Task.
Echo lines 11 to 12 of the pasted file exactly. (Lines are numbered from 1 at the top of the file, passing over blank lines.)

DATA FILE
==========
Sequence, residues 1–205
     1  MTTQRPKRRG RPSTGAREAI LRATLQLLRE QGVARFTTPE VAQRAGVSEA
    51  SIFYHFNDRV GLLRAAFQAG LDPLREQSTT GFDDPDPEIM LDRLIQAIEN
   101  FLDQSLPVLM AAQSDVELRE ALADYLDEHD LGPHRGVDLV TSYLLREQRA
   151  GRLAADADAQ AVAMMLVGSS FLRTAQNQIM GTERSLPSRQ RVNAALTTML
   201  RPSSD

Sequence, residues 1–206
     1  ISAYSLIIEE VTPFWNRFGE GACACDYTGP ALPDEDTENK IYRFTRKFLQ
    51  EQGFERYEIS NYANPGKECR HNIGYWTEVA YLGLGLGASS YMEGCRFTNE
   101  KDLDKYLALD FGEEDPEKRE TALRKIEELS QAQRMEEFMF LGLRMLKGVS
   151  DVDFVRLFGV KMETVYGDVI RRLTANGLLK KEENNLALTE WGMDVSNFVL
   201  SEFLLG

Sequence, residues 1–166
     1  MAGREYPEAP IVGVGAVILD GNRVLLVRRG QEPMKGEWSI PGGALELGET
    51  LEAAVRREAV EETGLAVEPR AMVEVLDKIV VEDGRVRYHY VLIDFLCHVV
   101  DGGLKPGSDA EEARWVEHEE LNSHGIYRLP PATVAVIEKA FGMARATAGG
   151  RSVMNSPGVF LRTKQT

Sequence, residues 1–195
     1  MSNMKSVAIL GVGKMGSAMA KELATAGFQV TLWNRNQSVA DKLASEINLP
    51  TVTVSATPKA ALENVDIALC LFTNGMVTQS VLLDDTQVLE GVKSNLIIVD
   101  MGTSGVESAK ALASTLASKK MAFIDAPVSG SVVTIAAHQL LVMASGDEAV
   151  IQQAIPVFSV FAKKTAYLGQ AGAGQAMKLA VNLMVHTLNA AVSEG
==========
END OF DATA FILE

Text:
   151  DVDFVRLFGV KMETVYGDVI RRLTANGLLK KEENNLALTE WGMDVSNFVL
   201  SEFLLG